Transferring the Payment Rights of a Structured Settlement

by ETF Base on June 21, 2013

Plaintiffs in the case involving an illness, workers’ compensation or physical injury are often required to accept a structured settlement for compensation of their claim. While it is often the desire of the plaintiff to receive a lump sum of cash instead, many times the judge in the case sees more benefit in providing a monthly or annual payment to help the injured party. Because of the judge’s decision, the plaintiff will receive a payment on a routine schedule that could last for up to 25 years or more.

Because of that, most structured settlements are fully regulated both locally and by the federal government. As a result, the entire process can vary greatly from one location to another. It is always important to locate every bit of information on structured settlement transfers in the specific state where it was assigned by the court. Not every state requires a signoff from the court or judge to transfer the rights from one party to another. However, most of them do.

Due to the ways that laws are written at the state and federal level, sometimes if not handled properly, the plaintiff can become subject to a large federal excise tax of 40% or more. The easiest way to circumvent this problem is to hire a qualified and competent attorney to review every option available.

Transferring the Rights to Payment

Numerous companies provide structured settlement quotes in their effort to purchase annuities for sale. Once the offer is accepted, the company typically requires a notarized verifiable signature that will reside in their file before starting the paperwork process. Typically, this requires nothing more than a notarized signature sent to them for their legal records.

Upon receiving a notarized signature, they will send all the documentations required to transfer the rights of the structured settlement. Before the Protection Act of 1997 was enacted, many individuals that sold the full amount of their structured settlement usually received one-tenth of its value or less. However, the enacted protection act now necessitates the need to provide partial disclosure, and sometimes counseling, before the judge will approve the transfer of payment rights.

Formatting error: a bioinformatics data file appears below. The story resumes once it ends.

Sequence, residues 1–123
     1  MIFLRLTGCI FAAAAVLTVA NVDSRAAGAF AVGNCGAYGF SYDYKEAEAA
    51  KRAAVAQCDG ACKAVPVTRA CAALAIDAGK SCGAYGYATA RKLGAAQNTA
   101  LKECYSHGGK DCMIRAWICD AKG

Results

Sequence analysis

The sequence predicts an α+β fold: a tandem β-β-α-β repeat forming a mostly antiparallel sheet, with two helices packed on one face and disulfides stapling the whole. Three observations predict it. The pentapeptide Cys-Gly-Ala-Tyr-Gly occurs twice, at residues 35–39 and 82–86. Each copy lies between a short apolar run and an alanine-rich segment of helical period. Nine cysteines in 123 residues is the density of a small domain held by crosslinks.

As part of the process, the structured settlement purchasing company will verify that the plaintiff in the case is the only beneficiary of that specific annuity. They will also verify that there is no other transfer of a portion of the annuity to a third party. Typically, any lien that is currently recorded against the plaintiff will need to be satisfied before there is an agreement to transfer the annuity rights.

The court will also want to see the plaintiff’s tax return to determine their financial status, to ensure that the conveyance of payment rights is an appropriate move for all parties involved.

The entire process of transferring the rights of a structured settlement can take significant amounts of time. It requires the necessity to pull together all verifiable information, along with making sure that all periods of minimal notice have been met with the court. Typically, the entire transfer process requires about 90 days or less, with a check assigned as soon as the judge signs off.

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